Published over at WhatCulture…
Montreal’s finest indie-rock outfit Arcade Fire are back, and they’ve teamed up with James Murphy and David Bowie to deliver the title track and lead single from their new album Reflektor – a sprawling, swirling, gradually escalating disco-infused monster. Mr Bowie contributes eerie-sounding backing vocals to the track, while ex-LCD Soundsystem man James Murphy helms production.
The seven-minute epic continues themes explored on their 2010 masterpiece The Suburbs, an album loosely based around the idea of a search for the notion of home in an ever-shrinking world. The track’s central premise is that, in these GIF-saturated technology-driven times, art – especially digital media – is just a reflection… a pale echo of a purer sound. The message couldn’t be more relevant in our age of retweets, instagram photo sharing, and viral media.
‘Reflektor’ reinforces preoccupations that have long been on lead singer Win Butler’s mind: on 2007’s ‘Black Mirror’ he bemoaned the world’s descent into an Orwellian surveillance-dominated society, while on 2010 tracks ‘We Used To Wait’ and ‘Deep Blue’ he wistfully lamented the way technology was gradually encroaching on all aspects of our lives. Butler urged us to break free on the outro to ‘Deep Blue’: “Hey, put the cellphone down for a while – in the night there is something wild/ And hey, put the laptop down for a while – in the night there is something wild…”
Similar themes resonate heavily across Reflektor’s aural landscape, a savage indictment of the fickleness of relationships being sustained by social media (“Now, the signals we send, are deflected again/ We’re still connected, but are we even friends?”) and the need to break free from the banality of these watered-down versions of reality before they consume us (“Our love is plastic, we’ll break it to bits/ I want to break free, but will they break me?”) as reflections once consumed Narcissus.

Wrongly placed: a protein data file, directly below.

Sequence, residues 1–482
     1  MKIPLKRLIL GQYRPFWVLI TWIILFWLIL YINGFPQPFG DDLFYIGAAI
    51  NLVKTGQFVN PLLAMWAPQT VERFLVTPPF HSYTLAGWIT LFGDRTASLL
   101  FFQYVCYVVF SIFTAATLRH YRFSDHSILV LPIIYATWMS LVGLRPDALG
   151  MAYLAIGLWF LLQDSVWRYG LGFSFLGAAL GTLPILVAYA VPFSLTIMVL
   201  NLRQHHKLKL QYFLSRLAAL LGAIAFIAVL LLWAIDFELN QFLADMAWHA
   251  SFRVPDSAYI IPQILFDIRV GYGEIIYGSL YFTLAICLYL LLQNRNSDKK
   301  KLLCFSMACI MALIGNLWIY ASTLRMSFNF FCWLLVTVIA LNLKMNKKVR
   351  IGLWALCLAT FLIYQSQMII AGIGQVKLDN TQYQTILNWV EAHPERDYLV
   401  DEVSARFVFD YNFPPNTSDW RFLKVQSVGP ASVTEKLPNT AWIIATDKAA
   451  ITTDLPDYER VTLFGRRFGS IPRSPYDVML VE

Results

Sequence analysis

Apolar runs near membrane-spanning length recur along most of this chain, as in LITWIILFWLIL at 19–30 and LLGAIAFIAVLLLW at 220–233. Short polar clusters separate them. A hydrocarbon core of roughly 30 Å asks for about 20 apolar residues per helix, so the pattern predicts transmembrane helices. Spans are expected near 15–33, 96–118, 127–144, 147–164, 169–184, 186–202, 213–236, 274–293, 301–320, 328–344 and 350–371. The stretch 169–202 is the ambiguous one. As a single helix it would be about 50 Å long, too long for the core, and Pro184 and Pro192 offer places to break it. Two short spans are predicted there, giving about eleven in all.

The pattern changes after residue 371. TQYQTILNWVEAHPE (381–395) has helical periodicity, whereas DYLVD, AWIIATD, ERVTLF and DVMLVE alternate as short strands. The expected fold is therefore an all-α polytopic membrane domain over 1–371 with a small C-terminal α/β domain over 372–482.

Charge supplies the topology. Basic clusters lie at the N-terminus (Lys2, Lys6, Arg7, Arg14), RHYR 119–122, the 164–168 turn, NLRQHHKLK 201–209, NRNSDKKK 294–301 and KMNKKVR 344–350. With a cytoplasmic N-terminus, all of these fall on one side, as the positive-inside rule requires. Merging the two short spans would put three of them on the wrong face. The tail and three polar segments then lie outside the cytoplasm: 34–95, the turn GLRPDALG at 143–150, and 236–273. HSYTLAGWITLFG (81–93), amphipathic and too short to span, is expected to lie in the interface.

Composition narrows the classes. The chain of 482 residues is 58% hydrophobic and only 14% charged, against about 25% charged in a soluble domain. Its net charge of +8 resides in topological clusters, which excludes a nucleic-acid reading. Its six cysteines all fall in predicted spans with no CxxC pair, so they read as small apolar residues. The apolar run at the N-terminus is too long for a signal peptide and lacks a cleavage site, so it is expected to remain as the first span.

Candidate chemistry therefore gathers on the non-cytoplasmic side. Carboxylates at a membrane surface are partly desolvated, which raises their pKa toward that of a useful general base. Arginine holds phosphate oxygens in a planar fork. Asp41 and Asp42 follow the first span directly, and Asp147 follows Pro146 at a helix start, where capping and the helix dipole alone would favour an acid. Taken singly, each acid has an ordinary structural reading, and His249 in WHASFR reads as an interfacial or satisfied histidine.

The stunning Anton Corbijn-directed video provides a harrowing visual representation of the band’s lofty concerns. It’s dense with imagery showing the blurring of boundaries between words, and mankind’s poor attempts to mirror creation. In it, the band wear papier-mâché masks of their own faces, to convey that each day we wear a mask to represent one of the multitude of sloughed-off selves that reside within each of us.
It’s powerful. It’s mesmerising. It’s f*cking awesome. Arcade Fire aren’t just out to provide the soundtrack to your year, they’re trying to save your soul at the same time. Not for the first time, they look like the most important band in the world.
Reflektor will be released on October 29.
(9.5 / 10)